"You're here for that dataset Chiana stole." His voice is low, and she thinks he knows they're being followed too.

She hmmms enquiringly, and picks up another item, this one a small knife, its hilt carved elaborately in sweeping curves. The sheath is lined with a soft green cloth, the entire thing small enough to slip into her sleeve if she wishes.

"Mistress likes?" The stall owner sees her interest, bustles over to her eagerly.

Braca's voice drops even lower. "Crichton's got it."

"How much?" She asks, and over the reply, "How do you know?"

"Where else would it be?" Braca's irritated.

Aeryn frowns, not understanding the connection, and the vendor drops his price five krindars.

"You didn't know." Braca smiles, his face greasy in the stagnant light spilling from the mirror arrays overhead. "She was his lover. Has been for years."

Ah. Aeryn nods abruptly, and the knife is hers, for more than she can afford. She looks at it in distaste: it's too rich for her purposes. She slides it into her belt.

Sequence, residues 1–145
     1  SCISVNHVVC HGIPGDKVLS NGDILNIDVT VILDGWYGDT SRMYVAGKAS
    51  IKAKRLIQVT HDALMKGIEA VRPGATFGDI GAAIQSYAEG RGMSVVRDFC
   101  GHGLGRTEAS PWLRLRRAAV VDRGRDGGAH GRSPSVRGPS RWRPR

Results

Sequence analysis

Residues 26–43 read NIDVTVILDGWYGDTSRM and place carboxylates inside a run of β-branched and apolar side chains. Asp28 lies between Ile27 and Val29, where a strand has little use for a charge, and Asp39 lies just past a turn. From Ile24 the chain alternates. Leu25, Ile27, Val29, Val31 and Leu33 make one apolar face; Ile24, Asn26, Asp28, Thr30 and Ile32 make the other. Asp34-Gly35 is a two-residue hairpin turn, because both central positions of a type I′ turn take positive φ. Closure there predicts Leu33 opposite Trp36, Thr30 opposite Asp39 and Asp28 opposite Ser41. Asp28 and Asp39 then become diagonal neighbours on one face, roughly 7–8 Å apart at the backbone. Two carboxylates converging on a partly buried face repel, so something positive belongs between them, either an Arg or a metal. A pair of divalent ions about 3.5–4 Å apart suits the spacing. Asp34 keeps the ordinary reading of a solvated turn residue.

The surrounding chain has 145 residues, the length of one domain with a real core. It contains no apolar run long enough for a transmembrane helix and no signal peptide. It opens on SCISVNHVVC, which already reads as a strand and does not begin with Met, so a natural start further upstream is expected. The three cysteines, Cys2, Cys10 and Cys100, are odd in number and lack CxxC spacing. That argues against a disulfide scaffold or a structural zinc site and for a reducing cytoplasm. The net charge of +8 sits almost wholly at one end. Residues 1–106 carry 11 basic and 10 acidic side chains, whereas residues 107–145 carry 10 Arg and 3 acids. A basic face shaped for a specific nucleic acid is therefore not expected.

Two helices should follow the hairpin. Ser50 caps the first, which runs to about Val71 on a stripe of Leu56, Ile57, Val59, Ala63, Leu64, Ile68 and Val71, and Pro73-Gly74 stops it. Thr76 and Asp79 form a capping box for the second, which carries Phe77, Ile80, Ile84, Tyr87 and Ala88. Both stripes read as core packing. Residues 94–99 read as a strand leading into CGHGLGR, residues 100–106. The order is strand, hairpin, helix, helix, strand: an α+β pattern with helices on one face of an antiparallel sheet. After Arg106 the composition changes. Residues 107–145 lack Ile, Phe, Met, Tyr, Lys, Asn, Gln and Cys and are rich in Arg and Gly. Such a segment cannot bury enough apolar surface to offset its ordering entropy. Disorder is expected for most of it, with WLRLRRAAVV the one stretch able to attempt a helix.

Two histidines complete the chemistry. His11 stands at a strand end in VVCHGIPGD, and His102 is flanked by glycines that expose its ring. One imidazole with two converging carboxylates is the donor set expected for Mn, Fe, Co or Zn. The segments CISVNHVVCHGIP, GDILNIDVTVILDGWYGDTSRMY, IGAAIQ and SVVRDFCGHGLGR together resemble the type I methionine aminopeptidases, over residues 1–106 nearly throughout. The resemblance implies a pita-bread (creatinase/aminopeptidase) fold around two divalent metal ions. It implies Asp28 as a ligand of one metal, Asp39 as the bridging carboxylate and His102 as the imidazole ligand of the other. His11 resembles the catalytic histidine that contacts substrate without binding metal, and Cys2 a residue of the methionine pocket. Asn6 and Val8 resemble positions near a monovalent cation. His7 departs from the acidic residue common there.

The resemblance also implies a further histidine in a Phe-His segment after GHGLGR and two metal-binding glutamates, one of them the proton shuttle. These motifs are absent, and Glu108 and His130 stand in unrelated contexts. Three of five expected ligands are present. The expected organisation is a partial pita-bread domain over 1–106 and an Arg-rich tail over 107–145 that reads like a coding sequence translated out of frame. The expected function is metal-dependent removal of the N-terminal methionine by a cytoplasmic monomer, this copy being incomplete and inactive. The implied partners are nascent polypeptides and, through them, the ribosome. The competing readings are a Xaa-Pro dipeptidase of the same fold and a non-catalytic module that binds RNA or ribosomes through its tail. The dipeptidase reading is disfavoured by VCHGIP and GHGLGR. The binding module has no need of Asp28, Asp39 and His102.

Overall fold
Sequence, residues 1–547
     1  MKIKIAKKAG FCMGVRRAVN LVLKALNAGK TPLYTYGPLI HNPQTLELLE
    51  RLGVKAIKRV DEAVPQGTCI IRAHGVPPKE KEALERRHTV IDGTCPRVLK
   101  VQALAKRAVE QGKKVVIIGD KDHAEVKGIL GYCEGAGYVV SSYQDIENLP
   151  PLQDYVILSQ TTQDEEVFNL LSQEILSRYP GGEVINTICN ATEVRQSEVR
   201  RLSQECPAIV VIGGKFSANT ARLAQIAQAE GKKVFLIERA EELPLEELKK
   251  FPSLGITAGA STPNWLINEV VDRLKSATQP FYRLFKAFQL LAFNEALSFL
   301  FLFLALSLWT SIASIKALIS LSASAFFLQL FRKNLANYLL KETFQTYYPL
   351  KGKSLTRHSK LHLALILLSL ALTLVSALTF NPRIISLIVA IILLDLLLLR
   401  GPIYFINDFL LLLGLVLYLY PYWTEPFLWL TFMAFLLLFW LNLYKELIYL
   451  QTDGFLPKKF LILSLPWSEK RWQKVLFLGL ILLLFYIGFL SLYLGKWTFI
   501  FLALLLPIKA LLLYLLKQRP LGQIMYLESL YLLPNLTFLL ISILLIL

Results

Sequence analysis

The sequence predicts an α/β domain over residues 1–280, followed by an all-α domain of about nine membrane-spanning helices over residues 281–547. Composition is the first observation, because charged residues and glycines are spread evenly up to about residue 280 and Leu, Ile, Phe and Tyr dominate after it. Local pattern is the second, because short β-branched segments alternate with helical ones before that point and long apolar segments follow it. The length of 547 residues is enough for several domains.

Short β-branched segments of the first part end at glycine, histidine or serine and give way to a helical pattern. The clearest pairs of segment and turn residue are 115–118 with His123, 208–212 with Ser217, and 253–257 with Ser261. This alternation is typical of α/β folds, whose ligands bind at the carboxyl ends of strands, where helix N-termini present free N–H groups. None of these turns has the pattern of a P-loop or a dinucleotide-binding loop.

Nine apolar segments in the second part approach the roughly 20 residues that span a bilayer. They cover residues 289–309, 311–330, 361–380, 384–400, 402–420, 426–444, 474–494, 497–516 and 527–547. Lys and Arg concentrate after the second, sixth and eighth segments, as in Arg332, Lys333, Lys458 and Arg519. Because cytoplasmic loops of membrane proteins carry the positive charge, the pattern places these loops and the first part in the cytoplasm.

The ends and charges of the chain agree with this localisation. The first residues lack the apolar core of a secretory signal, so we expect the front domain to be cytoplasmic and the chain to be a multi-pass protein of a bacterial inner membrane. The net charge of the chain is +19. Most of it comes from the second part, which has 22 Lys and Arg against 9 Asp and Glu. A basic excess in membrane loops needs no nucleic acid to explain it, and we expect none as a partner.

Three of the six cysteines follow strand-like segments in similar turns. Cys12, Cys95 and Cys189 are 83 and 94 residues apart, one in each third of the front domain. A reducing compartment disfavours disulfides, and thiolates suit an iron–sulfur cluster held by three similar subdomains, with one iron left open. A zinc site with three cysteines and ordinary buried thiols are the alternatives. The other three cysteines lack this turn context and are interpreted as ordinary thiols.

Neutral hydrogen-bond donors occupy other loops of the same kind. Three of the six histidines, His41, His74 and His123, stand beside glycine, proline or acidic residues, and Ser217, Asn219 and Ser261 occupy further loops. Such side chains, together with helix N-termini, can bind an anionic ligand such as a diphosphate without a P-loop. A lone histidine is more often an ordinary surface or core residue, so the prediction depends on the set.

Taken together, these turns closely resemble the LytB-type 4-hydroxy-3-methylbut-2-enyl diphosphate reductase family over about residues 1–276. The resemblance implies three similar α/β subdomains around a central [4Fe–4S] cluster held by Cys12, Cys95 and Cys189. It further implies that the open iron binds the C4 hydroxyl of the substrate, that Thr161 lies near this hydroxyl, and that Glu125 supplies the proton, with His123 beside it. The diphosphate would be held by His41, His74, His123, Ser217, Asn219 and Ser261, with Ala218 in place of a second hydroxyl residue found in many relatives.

"What's on this dataset you're all so interested in?" All she knows is that it's immensely important: Chiana wouldn't say what it was. And that Chiana would only meet them here on Amnina Station, out of Nebari territory.

She'll think about Chiana and Crichton later. It's been cycles, after all.

"I don't know," he answers, and she looks up in surprise. So much attention for something completely unknown. Everyone knows it's important, and nobody knows what it is.

"Why are you telling me this?" Braca was never an ally before, and the Nebari are powerful, even here outside their boundaries. Very few will risk the wrath, or even the attention, of the Establishment.

Braca shrugs, his face bland, his eyes shuttered. "Because Crichton's a fool, and I remember how much damage he can do when he's trapped in a corner." Then he smiles unpleasantly. "And I'd like to see that bitch humiliated."

With that, he's gone. She watches him stride through the crowd, the shoppers giving way before the tarnished authority of his captain's coat, and adds the problem of an exiled Peacekeeper captain to the question of the missing dataset. Her watcher is still with her, she notes, and she realizes she can't lead a spy to her meeting.